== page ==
Sept. 12, 2009. The Quincy Tea Party - Quincy, Ill. A singer-songwriter from Los Angeles donned a baseball cap and sunglasses. What little one could see of his face was obscured by four or five days of beard growth. He was completely out of his element, an outsider. He felt something he hadn’t felt in a long time: He felt safe.
Thousands of hardworking patriots listened to Andrew Breitbart explain the dangers of being a conservative in the entertainment industry - the bias, the vitriol, the potential loss of work should the liberal power brokers of Hollywood discover one’s conservatism.
This was the first time I performed at a Tea Party event.
I didn’t use my real name, but I was hooked. I was hooked on a strain of patriotism I had not been privy to in Los Angeles but had always felt inside. Hooked on the beauty and power of the individual with a voice - and a collection of voices that actually could affect change, unified by the message of freedom. The Tea Party was bigger than any one individual, and its goals were bigger than anything I ever had dreamed I’d be part of.
But to believe in something under the cloak of anonymity seemed hypocritical and convenient, so eventually I used my real name, and I have performed at more than 30 Tea Party events, Sept. 12 rallies and conservative functions. I was, am and will continue to be a Tea Partyer, and that’s a liberating declaration.
Here’s another one: I support former Massachusetts Gov. Mitt Romney as the 2012 Republican nominee for president of the United States.
So why is this important? On the surface, it’s not. It’s a personal choice. I have one vote, and I’m giving it to the governor. For the purposes of this piece, the reasons are irrelevant.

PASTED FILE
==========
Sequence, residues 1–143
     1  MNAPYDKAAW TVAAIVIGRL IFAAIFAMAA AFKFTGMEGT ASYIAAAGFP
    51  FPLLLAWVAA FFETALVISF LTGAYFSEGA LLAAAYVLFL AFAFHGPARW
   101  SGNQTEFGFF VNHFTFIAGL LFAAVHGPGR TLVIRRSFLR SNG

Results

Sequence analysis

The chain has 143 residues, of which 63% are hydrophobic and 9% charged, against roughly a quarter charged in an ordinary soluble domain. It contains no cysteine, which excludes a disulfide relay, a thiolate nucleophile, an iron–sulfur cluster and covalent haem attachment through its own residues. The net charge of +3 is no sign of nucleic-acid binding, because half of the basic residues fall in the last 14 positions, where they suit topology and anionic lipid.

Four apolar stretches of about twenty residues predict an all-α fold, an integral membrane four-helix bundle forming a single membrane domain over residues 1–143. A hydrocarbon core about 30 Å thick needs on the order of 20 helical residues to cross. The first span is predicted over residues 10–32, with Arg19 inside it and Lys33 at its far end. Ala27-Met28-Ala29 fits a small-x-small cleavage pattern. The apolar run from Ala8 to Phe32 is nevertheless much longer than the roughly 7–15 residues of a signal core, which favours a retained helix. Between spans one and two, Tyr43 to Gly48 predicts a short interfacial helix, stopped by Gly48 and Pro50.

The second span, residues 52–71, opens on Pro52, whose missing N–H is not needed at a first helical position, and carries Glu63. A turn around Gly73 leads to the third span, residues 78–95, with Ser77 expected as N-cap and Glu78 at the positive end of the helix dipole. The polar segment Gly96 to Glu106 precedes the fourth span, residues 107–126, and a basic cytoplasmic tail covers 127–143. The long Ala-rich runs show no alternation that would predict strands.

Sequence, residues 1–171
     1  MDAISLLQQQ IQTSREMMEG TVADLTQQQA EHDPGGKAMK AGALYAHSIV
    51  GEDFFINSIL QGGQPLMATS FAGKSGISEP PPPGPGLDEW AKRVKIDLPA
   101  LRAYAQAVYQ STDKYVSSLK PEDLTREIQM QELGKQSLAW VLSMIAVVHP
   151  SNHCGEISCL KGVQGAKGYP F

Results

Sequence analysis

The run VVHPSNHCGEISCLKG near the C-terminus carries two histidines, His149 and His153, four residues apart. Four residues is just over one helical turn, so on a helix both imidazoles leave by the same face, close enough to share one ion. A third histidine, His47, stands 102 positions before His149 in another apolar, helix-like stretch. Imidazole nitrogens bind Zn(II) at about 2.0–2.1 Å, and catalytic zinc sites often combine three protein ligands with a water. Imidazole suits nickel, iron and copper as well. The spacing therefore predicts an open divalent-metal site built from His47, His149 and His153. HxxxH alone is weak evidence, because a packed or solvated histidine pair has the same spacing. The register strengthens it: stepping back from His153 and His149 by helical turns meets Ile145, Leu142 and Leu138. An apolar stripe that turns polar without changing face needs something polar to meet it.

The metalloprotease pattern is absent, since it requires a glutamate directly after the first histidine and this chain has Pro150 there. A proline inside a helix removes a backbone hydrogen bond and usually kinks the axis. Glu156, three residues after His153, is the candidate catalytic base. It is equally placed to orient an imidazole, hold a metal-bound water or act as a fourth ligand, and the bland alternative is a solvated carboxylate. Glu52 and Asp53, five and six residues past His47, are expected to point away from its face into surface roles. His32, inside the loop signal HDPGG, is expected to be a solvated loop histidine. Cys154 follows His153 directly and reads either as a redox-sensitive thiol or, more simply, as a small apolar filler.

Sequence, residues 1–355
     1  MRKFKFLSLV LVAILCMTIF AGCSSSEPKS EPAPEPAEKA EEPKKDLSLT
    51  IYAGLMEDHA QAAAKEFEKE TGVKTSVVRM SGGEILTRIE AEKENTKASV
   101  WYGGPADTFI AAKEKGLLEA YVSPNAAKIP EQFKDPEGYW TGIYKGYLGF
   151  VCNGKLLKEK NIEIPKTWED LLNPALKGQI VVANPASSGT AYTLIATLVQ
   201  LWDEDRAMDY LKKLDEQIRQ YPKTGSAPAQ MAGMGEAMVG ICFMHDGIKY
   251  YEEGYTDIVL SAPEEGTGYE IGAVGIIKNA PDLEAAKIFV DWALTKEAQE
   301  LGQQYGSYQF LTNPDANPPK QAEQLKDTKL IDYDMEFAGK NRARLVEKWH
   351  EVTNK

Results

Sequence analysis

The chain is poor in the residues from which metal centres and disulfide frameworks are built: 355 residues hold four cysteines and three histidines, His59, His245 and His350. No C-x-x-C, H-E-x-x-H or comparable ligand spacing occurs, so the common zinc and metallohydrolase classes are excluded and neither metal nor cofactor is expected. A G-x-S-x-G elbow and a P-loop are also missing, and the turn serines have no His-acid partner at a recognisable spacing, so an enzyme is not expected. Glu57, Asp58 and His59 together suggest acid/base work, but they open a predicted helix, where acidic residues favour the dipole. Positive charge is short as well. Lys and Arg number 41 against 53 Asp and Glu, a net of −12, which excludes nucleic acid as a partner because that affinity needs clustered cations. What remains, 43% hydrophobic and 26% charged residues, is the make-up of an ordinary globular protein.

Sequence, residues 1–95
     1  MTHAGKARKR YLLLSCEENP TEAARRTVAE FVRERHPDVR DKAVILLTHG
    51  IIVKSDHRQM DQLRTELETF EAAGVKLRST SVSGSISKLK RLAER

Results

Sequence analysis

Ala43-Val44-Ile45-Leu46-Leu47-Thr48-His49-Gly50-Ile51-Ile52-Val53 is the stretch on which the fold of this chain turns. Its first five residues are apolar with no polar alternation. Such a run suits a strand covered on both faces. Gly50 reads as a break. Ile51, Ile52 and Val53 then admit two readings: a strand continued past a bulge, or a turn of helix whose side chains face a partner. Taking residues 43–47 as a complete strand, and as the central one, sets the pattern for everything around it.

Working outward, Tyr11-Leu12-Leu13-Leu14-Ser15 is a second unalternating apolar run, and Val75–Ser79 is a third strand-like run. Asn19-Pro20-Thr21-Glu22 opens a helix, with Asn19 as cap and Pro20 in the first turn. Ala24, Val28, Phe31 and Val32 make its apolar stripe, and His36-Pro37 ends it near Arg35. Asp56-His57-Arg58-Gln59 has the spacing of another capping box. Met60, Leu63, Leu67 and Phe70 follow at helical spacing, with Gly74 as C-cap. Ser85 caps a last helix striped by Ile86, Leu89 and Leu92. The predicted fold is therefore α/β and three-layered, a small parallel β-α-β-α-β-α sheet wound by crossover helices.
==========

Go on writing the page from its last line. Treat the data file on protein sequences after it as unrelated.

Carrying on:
What is more relevant is that as a Tea Partyer, I have been silent in my support of the governor until this point. Why? Why do I find myself again believing in something under that very same cloak of anonymity? The answer saddens me, and I believe it to be dangerous: It seems there is a pattern of intolerance emerging within the grass-roots movement that feels eerily similar to my experiences as a conservative in Hollywood.
It’s very simple. If you’re an artist in Hollywood, the assumption is that you’re a liberal. And with that assumption, people speak freely and often viciously about the right. You’re outnumbered. The volume is loud, and frankly, it’s intimidating, which is why thousands of conservatives in Hollywood stay under the radar.
Now, within the grass-roots movement on the right, there is the concept of “anybody but Mitt Romney.” And there is an assumption that if you’re part of the movement, you subscribe to that concept. I know this because I have been in many circles recently in which I’ve felt outnumbered. The volume has been loud, and frankly, it’s intimidating. I wonder how many folks in the grass roots actually believe Mr. Romney is our best chance for victory but remain silent because that’s an unpopular stance.
More important, can we afford to silence one another at a moment in time when the very concept of America is in jeopardy?
I’m not objecting to anybody’s personal choice but rather to how tightly the grass roots is holding on to a conservative ideology in its purest form.
I have great respect for former House Speaker Newt Gingrich, but is he pure? Herman Cain seemed to be. Was he? What about Rep. Ron Paul or Rep. Michele Bachmann? Texas Gov. Rick Perry? Former Sen. Rick Santorum? Are they pure? Who is defining the acceptable amount of conservative purity? At what price should we demand it?
Our potential nominee is being held to a standard that’s unrealistic, not practical and could potentially lose us this election by not appealing to the moderate Democrats looking for a reason to abandon President Obama. Assumptions are dangerous, but the most dangerous assumption is that we can survive another four years of this administration by waiting for a candidate who passes the purity test or not supporting one because he may not meet every standard.